By George Brown
One incumbent councillor isn’t worried about the prospect of facing competition in the upcoming election to remain on Ponoka County council.
In fact, division 4 Coun. Paul McLauchlin is encouraging challengers to his seat and those of his fellow councillors.
“By no means is my encouraging new people to, run a criticism of who’s there,” McLauchlin explained. “I just don’t want to see councillors acclaimed to office.
“No one’s doing that good a job on council that they should be re-elected unopposed.”
Nomination Day is Sept. 20. Election Day is Oct. 18.
Mclauchlin is a first-term council who will seek a second and final three-year mandate; he’s promised his family he would serve only two terms.
Ponoka County needs to be represented by a cross section of its population, including those from younger families, businesspeople and farmers, he said. “Personally, I think we need to have women on council.”
A councillor’s commitment to municipal government can be tailored to their availability and to their interests. McLauchlin logs about 35 hours a month and is on four standing committees or boards. Some councillors put in upwards of 100 hours a month. “I’m at the low end of all of our councillors because I run a business. It is what you want to make of it.
“Everybody’s probably got 30 or 40 hours they can squeeze out of a month.”
Councillors are remunerated on the basis of a base minimum and additional pay for their workload. In 2009 the five councillors were paid a total of 157,854.
While it helps to have some understanding of the issues facing the county and the tools available to council such as the municipal development plan and land use bylaw, McLauchlin said “there’s a whole lot of stuff you learn as you go.
“The more I find out about (municipal government) the more I find it interesting. It’s been a great experience.”
One of the first issues a new councillor will have to deal with after the election is settling on Ponoka County’s 2011 budget estimates. The county spends about $12 million annually on everything from public works and recreation to civic administration and community supports.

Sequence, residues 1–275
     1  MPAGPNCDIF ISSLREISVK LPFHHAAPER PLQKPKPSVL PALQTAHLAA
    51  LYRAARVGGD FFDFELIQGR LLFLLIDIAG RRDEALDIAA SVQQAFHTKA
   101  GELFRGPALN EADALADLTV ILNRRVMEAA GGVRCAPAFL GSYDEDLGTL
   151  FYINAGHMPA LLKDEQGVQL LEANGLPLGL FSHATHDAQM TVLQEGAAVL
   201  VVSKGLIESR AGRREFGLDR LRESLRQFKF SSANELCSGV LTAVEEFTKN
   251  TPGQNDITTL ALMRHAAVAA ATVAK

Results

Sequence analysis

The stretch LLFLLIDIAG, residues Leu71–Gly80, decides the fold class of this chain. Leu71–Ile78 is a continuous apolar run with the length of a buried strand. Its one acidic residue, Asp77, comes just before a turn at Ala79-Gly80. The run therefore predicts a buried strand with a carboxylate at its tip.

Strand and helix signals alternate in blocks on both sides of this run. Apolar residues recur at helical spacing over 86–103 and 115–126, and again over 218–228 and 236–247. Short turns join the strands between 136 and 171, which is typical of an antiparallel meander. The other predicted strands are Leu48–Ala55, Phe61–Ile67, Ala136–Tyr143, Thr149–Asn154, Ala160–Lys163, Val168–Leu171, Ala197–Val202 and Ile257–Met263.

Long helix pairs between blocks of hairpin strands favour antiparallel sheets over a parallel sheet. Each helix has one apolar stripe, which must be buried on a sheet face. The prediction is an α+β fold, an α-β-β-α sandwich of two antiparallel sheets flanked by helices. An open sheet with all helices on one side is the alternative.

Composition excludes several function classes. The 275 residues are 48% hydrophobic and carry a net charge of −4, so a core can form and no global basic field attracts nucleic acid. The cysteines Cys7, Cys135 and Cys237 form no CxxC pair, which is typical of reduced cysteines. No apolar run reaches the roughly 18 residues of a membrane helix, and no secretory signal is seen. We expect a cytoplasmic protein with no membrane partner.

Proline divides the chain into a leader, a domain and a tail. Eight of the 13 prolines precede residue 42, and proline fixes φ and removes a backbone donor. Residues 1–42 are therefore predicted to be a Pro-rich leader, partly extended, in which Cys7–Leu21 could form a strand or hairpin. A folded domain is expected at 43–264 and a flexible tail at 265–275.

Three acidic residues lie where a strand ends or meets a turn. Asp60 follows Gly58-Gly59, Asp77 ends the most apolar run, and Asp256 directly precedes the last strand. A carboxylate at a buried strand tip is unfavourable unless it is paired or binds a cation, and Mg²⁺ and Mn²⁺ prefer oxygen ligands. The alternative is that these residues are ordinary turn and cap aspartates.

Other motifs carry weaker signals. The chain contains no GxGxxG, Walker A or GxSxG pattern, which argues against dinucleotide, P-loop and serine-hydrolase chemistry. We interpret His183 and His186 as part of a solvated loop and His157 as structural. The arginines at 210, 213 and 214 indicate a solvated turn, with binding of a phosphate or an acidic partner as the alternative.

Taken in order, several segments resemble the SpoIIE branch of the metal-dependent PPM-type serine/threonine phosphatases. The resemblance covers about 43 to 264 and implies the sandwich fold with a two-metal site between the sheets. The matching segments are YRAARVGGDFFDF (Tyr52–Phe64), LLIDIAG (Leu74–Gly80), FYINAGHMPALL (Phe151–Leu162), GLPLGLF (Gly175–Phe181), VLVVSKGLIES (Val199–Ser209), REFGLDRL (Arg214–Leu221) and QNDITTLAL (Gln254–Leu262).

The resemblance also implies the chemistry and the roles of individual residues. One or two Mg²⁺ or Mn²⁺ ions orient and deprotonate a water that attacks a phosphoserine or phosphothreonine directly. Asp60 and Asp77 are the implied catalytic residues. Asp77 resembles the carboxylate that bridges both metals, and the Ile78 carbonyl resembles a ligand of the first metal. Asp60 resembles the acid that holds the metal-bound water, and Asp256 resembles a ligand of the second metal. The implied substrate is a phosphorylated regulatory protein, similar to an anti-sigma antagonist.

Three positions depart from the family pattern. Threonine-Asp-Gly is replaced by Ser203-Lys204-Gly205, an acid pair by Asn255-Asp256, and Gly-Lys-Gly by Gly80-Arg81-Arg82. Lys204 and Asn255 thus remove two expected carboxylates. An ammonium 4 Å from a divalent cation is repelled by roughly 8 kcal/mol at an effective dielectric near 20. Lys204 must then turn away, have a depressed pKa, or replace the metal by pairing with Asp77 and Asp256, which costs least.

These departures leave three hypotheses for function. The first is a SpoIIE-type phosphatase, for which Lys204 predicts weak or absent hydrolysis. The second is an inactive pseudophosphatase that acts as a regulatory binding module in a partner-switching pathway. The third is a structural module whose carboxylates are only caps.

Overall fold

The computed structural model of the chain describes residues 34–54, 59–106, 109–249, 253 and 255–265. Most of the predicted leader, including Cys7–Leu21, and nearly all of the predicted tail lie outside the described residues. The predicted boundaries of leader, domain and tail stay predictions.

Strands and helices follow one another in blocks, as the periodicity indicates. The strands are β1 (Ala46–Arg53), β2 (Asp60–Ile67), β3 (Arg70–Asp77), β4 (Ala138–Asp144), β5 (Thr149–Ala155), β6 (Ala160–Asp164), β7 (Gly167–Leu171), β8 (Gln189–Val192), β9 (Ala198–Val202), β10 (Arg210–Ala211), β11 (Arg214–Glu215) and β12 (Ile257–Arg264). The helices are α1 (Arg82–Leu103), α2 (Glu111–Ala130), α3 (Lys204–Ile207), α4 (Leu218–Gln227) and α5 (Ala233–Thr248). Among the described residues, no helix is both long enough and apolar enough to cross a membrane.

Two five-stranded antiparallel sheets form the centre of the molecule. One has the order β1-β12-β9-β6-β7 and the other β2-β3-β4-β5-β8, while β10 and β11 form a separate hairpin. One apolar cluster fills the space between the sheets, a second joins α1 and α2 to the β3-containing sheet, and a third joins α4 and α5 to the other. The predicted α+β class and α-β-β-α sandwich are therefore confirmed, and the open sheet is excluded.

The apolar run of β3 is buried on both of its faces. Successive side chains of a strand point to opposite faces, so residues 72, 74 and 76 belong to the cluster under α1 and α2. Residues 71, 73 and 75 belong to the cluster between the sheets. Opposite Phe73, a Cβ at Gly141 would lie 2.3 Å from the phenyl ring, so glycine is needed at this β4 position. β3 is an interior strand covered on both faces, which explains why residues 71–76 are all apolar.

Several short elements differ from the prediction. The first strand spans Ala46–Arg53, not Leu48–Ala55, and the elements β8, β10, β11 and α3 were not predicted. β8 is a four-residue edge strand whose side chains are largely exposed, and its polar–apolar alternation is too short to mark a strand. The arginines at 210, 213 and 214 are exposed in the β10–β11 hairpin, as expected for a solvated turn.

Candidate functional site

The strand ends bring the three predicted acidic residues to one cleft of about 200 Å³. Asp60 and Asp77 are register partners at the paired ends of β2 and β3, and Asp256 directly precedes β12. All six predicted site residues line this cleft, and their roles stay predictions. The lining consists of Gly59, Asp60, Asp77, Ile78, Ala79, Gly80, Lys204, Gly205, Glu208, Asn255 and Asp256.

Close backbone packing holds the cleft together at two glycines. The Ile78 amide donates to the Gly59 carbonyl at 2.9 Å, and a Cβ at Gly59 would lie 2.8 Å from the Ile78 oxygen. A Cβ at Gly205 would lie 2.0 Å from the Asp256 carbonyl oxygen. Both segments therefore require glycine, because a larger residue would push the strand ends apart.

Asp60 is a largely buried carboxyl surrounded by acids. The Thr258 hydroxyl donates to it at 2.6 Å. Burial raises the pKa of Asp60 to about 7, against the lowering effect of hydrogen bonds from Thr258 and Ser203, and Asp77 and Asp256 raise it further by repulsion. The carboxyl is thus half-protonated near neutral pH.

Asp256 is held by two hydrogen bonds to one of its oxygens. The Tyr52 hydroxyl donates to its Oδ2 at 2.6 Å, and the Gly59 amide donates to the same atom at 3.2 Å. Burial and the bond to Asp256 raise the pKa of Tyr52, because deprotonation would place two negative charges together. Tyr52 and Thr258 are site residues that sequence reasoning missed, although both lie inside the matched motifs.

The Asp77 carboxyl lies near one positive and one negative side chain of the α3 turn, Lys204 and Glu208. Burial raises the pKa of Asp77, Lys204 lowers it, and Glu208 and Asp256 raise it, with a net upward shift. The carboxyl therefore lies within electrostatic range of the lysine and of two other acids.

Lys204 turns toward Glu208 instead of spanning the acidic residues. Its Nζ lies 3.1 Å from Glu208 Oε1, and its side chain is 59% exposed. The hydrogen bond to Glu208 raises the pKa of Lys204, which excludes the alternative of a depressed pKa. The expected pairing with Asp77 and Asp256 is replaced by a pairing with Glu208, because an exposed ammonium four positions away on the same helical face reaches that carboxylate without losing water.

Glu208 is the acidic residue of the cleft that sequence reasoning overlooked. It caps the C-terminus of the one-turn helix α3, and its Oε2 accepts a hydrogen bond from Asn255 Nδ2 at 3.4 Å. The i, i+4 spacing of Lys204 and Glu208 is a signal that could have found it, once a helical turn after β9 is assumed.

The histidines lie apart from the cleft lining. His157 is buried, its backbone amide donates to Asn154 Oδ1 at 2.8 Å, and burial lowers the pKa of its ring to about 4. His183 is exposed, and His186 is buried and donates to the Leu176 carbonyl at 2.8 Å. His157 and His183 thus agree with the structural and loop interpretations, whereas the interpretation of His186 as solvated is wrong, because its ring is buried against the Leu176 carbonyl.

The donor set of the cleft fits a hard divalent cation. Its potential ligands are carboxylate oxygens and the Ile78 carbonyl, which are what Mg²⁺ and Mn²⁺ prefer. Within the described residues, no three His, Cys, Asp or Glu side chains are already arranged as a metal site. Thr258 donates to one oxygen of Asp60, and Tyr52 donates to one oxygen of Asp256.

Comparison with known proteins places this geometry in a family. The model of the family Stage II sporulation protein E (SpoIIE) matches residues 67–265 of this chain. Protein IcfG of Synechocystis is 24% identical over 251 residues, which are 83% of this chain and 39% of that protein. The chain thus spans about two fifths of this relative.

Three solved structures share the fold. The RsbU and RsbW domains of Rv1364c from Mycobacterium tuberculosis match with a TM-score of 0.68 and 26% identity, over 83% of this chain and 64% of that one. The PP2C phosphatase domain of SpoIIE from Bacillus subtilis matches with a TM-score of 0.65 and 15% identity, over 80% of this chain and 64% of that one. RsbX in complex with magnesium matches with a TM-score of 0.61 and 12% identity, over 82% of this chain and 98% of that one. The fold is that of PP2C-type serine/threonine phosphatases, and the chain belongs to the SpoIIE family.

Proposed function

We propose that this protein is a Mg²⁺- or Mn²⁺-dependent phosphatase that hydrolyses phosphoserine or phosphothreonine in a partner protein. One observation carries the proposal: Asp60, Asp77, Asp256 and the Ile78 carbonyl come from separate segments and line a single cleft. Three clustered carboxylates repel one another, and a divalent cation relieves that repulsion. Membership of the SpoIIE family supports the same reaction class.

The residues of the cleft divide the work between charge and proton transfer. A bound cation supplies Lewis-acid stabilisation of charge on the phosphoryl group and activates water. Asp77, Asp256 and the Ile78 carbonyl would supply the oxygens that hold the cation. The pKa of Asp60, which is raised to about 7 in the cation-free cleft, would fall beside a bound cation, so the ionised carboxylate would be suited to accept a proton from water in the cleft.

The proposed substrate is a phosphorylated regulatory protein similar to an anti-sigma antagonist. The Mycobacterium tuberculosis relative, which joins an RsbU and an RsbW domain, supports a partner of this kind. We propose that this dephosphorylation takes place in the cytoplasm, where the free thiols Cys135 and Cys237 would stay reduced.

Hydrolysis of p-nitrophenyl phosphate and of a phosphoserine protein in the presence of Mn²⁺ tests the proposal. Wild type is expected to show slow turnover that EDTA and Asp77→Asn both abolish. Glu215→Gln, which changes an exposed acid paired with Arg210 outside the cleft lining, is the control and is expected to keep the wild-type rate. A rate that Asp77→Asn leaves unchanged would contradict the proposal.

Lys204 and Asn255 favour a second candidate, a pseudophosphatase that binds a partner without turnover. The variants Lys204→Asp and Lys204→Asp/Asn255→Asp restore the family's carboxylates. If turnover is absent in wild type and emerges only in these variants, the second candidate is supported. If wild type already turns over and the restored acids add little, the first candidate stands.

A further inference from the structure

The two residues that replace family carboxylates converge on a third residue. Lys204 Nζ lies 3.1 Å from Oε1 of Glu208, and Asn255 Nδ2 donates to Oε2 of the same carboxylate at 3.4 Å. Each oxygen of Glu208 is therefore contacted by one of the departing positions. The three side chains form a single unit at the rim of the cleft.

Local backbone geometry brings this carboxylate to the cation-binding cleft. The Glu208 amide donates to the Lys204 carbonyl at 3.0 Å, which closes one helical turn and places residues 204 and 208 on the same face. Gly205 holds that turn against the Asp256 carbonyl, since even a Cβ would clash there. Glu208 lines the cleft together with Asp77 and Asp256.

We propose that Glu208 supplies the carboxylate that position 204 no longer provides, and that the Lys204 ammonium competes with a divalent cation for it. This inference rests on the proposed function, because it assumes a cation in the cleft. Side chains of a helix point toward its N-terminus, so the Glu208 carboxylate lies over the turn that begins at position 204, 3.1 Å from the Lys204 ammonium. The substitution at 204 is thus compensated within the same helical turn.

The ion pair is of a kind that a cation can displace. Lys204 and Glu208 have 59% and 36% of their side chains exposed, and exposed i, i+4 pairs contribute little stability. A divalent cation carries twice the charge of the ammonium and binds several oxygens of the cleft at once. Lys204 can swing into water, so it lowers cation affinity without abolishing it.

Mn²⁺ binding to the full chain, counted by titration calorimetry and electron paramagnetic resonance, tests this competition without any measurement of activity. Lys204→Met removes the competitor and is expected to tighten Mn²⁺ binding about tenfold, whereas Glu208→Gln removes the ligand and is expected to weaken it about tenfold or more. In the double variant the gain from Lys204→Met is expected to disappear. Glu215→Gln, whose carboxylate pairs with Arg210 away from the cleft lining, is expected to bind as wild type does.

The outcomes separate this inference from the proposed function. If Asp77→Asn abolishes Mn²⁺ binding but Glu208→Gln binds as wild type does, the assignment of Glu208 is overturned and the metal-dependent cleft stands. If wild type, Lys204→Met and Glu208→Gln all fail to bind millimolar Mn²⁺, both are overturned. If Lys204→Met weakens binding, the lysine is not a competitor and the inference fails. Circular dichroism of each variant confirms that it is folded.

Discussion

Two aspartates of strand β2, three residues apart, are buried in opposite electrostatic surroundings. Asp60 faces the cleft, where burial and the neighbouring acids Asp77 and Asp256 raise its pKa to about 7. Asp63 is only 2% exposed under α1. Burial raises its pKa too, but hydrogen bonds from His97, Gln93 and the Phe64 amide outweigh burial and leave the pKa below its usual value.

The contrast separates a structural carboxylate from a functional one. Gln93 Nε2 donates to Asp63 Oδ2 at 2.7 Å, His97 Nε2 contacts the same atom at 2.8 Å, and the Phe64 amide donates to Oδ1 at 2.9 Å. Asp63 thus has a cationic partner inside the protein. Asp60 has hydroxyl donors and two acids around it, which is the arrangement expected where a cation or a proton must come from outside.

“We get a lot of demands put on us,” McLauchlin said. “A lot of it is about money. We’re asked to do about $14 million worth of stuff with $12 million.”
McLauchlin said 40 years ago county representatives were call road managers but their responsibilities have changed considerably since 1952 when the county was incorporated. It’s not just roads and public works the county is providing to its residents. The county is involved in delivering social programs such as FCSS, operating recreation services in co-operation with the towns of Rimbey and Ponoka, encouraging economic diversification and creating job opportunities, and enacting local legislation to sustain agriculture.
“It’ll be a different job description 10 years from now, that’s for sure.”
Ponoka County is fortunate to have a strong, dedicated administration to provide councillors with the information they need to make the right decisions and then see that those decisions are implemented according to policy. McLauchlin is grateful for the support he has received from county staff.
There are nuances to governing he said, and one thing a new councillor learns quickly is that he has just one vote. If he wants to influence decisions and the direction of the county, there needs to be some “horse trading.”
“The manoeuvring with the council members, I think has been most interesting. You have make it work with you or you won’t get anything done. You either choose to learn to work with it or you work from the outside.”
McLauchlin is the rookie on Ponoka County council but he feels he has earned the respect of his council mates. “I do feel I am heard even though I may have completely different opinions than my fellow councillors.
“The one thing I can say about politics is if you’re trying to make everyone happy you’ll get yourself into so much trouble. It’s not good politics to say what people want to hear.”
Councillors sometimes have to set aside their own opinions to make decisions that are best for the residents in the division or the county as a whole. “At the end of the day you’re there as a representative. I don’t think I’m smarter than my ratepayers.”
One of the best qualities a candidate for council needs is a willingness to listen to the opinions of others to become informed on issues.
New councillors must be willing to ask questions and be prepared to work on a steep learning curve, McLauchlin added.
“As a county councillor you could be making decisions that could last forever.
“If you feel you have the passion to serve your community as a councillor, I recommend you run,” he said. “It can be a little scary but we’re all working toward the same goals.
“I still have a lot to learn. I haven’t got it all figured out yet.”
Contact Ponoka County at 403-783-3333 for information on how to become a candidate in the election.